On the fourth night of every week, Pete’s dad gave an important talk in front of a bonfire in the amphitheater, and afterward lots of campers always accepted Christ… Kids were filled with the Spirit, which made them stare and quiver and confront their friends with divine messages… The first time he saw a fourth-night bonfire, he wondered whether he was really saved, because no such thing had ever happened to him, and later he asked Jesus into his heart again just to make sure. After a while he decided that things were different for him because of his dad. Maybe his revelation was spread out over his whole life, a little at a time, so that it never seemed like a big deal.
Stop asking Jesus Into Your Heart. The title will either intrigue you… or put you off. If you are feeling put off, perhaps the book’s subtitle will draw you in: How to Know For Sure You Are Saved. If the subtitle doesn’t appeal, perhaps the fact that you can tell your friend who knows a lot about theology that you are reading a nice little book on the doctrine of assurance might do the trick.
J.D. Greear of this book reckons that, by the time he was eighteen years old, he had probably “asked Jesus into his heart” five thousand times, and prayed the sinner’s prayer at least once in every denomination. And each time he “gained a little assurance”, he would feel compelled to get re-baptised. But no matter what he did, he could not shake the fear that he was going to hell. Did I really feel sorry enough for my sin? Did my life change enough after I asked Him into my heart? Did I understand enough about Jesus, or my sin, or grace, when I prayed? Were there other areas of rebellion I was unaware of?
Greear came to realise that he was scared because he held the wrong picture of God and Jesus. He had imagined Jesus standing before God begging for mercy, or leniency, on his behalf. Please God, just give this guy one more chance. However, the truth is that Jesus does not need to appeal to God for mercy on anyone’s behalf: Jesus has already satisfied all the claims against us by dying on the cross.
Salvation comes not because someone has prayed a prayer correctly, but because they lean the hopes of their soul on the finished work of Christ. Jesus has paid for all our sins: not an ounce of judgment remains. We do not have to beg for mercy or prove that we deserve a second chance. Jesus in my place. The essential, amazing message of the gospel. Woohoo!!
So…you can rest totally in Christ. And there is no concern if you haven’t had a dramatic conversion experience, or don’t remember the first time you believed (e.g. if you grew up in a Christian home). There is no need to analyse the authenticity of a past prayer, experience or ceremony. The important thing is that you continue in your current posture of repentance and belief.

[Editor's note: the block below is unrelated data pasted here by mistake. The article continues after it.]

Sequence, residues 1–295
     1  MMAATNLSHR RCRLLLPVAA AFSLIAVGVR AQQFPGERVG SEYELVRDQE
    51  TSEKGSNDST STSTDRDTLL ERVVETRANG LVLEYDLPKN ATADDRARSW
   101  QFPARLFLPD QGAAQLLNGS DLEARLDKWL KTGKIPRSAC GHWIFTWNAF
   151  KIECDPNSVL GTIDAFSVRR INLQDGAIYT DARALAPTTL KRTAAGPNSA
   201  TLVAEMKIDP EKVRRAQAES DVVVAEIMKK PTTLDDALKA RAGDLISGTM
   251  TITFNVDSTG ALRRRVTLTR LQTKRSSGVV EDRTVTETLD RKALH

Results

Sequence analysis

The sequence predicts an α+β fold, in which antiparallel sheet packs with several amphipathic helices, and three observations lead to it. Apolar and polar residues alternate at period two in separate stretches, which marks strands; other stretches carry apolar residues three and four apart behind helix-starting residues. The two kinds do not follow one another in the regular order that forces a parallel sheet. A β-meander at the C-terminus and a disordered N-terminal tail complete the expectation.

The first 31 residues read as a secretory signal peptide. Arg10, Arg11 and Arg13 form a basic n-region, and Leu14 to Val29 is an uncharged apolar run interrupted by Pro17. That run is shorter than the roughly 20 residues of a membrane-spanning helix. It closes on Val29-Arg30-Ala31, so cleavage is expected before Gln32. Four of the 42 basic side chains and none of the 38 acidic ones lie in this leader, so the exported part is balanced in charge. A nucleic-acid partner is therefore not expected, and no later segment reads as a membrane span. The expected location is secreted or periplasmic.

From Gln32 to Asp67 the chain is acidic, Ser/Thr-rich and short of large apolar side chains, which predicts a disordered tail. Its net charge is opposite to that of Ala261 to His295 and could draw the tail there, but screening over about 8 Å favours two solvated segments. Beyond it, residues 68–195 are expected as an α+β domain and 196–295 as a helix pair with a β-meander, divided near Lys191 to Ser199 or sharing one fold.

The section I found helpful (albeit very short) was Leading My Kids to Jesus. Little children, of course, are capable of real faith. But there may be situations in which a child “prays the prayer” more to make their parents happy, than as an expression of their actual faith in Christ. How can parents be passionate demonstrators of faith to their children, and at the same time avoid manipulating their children into saying or doing things that they may not (yet) understand? Greear emphasises that it’s never to young to begin trusting in and surrendering to Jesus. So- teach your children, all along the way, to be surrendered towards Jesus and believing in what He said He accomplished. Present Jesus as Lord. Even if a child does not yet grasp all that salvation entails, a parent can encourage them in the appropriate posture towards Christ from the beginning: repentant and believing. And how wonderful if that child grows up without an exciting testimony- if they grow up in the light, always aware of the Lordship of Jesus, believing that He did what He said He did.
The section I didn’t like so much was Appendix 1, where Greear outlines situations in which (he thinks) a believer ought to consider re-baptism (e.g. pressure by parents at the time of the first baptism). This checklist seems to convey the idea of baptism as a performance before God, something that is necessary to “get right” or do again. But this is a minor quibble vis-a-vis the helpfulness of the main book (and it’s an appendix- you may not even get to it).
This small, intimate book is very encouraging. Ultimately, God does not want believers to have any doubt that they are saved. The Bible tells us so:
These things I have written to you who believe in the name of the Son of God, that you may know that you have eternal life. (1 John 5:13)